§ Mr. Jenkins
I shall, of course, convey my right hon. Friend's message to my right hon. Friend the Minister of Agriculture, Fisheries and Food, but I am sure that my right hon. Friend and the overwhelming majority of Members will agree with me that even if there are grievances, and even assuming that they are legitimate grievances, the way to demonstrate them is not by the means which have been adopted in recent days.
§ Mr. Wyn Roberts
Does the Home Secretary have reports of disturbances today in other parts of the country, notably in Barry and Glasgow? Does he know who is organising these disturbances? Is there any connection between 886 them? Is there any evidence that men with a history of violence are taking part in these disturbances?
§ Mr. Jenkins
The answer to the last question is "No, not as far as I am aware." I shall make inquiries following the point raised by the hon. Member. There are four so-called cattle ports: Glasgow, Holyhead, Birkenhead, and Silloth, in Cumbria. At Glasgow today there were 15 pickets at the quayside to meet a boat which had recently arrived. At Barry, I understand that a boat docked at 9 a.m. It was not a boat carrying live cattle, Barry not being a cattle port, but it contained two refrigerated units, and there is a picket of farmers at the dock entrance, where about 300 to 400 people were congregated this morning.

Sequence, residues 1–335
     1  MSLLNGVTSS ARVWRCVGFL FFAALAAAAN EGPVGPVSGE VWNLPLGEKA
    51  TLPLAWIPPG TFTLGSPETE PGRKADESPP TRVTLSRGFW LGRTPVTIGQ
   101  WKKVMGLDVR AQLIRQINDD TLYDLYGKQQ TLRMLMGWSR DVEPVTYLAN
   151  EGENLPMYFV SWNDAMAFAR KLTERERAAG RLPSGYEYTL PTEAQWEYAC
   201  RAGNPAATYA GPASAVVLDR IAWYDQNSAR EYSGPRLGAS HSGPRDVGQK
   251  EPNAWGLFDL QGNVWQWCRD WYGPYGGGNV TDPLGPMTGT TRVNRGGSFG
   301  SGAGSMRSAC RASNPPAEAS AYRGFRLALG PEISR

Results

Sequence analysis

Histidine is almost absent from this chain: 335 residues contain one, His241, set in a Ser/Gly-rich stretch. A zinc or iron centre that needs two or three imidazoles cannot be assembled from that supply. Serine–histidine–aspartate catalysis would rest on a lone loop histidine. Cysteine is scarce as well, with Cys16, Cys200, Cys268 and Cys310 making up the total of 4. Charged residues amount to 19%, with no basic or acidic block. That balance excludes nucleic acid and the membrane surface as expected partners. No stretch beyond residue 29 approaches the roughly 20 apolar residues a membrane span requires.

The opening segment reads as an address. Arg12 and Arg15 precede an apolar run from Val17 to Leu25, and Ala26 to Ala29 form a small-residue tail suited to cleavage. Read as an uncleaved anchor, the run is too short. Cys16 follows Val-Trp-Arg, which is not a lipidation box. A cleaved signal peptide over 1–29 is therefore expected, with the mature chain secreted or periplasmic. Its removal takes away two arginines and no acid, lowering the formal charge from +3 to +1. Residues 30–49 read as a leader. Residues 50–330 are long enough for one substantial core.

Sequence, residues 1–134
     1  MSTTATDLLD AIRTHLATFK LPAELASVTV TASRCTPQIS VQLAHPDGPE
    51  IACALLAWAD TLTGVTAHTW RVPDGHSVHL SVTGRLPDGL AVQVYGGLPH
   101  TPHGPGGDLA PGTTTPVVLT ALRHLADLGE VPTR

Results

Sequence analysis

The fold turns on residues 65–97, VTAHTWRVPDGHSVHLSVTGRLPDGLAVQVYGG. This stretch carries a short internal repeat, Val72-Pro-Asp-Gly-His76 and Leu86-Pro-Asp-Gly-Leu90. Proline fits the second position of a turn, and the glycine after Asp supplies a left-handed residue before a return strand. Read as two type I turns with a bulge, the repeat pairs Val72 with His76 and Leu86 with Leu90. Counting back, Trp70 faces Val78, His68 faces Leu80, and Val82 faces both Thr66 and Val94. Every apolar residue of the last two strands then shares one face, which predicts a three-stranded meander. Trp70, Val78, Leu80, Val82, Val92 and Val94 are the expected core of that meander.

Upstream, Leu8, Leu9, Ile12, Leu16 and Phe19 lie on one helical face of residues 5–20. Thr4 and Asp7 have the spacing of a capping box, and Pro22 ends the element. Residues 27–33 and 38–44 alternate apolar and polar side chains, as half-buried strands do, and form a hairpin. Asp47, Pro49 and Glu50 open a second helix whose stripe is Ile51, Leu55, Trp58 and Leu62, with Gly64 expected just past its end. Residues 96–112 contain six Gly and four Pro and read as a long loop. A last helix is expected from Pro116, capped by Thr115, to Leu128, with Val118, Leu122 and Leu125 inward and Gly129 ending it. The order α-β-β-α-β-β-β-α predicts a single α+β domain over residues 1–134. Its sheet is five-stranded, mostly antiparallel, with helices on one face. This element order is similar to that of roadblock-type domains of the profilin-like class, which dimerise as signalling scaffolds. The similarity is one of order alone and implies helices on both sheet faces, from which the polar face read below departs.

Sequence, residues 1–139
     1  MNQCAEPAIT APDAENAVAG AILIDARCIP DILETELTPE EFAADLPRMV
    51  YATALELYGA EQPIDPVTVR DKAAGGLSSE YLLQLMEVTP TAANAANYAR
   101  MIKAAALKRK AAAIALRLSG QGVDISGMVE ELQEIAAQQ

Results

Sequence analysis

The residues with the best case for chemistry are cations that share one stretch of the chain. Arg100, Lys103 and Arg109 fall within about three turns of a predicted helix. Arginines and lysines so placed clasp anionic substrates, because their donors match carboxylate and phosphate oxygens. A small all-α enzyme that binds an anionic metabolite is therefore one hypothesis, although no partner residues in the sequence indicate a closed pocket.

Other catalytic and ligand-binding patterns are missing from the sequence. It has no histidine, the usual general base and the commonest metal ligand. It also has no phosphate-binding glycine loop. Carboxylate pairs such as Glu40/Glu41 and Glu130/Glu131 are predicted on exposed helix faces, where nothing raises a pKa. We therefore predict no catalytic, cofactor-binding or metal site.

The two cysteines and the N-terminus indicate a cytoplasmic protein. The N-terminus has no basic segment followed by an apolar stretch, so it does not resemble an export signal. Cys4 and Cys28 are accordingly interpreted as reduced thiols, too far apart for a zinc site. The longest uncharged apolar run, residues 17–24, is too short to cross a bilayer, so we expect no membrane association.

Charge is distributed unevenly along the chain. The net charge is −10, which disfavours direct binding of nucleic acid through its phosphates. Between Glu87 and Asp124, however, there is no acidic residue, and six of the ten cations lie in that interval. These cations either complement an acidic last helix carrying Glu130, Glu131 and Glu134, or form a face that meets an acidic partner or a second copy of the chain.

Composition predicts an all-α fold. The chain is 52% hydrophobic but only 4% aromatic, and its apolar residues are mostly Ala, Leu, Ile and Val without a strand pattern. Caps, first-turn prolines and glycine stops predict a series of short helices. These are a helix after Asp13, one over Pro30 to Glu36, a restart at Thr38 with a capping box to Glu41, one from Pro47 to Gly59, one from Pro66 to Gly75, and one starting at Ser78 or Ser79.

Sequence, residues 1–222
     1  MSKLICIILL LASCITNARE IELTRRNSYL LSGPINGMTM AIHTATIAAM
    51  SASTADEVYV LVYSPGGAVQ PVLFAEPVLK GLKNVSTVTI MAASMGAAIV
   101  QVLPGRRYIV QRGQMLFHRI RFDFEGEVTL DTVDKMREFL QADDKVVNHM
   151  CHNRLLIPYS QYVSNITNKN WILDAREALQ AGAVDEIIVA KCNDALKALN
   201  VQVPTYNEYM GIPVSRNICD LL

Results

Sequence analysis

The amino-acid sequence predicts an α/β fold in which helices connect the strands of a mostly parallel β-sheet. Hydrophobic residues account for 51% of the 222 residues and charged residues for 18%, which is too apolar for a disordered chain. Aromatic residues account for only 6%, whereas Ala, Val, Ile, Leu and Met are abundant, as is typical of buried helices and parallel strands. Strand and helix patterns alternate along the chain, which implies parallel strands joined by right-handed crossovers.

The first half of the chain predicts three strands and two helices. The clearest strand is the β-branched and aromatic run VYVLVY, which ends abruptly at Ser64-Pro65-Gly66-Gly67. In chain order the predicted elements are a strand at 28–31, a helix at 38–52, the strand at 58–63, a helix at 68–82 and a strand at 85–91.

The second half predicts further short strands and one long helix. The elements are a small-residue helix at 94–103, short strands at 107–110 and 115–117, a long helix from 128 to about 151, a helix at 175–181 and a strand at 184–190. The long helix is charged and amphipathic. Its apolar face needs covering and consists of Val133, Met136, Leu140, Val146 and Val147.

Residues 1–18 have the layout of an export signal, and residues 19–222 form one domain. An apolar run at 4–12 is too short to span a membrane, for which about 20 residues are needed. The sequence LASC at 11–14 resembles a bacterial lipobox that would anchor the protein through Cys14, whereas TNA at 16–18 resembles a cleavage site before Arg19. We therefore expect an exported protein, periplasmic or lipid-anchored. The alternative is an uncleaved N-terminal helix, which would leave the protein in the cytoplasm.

§ Mr. Gwynfor Evans
Is the right hon. Gentleman aware that the normally peacable farmers of Wales have been driven to this kind of unprecedented action by the long history of unconcern and complacency shown by the Government in the increasingly desperate Welsh agricultural situation? The protests would stop if the Government did a few things at once—such as raising the ban on the export of livestock, giving a bottom to the price of beef, and giving a cash injection so that people can pay for their hay. Hundreds of thousands of animals will starve this winter unless the Government give immediate assistance to these Welsh farmers. If assistance were given, these protests would cease at once.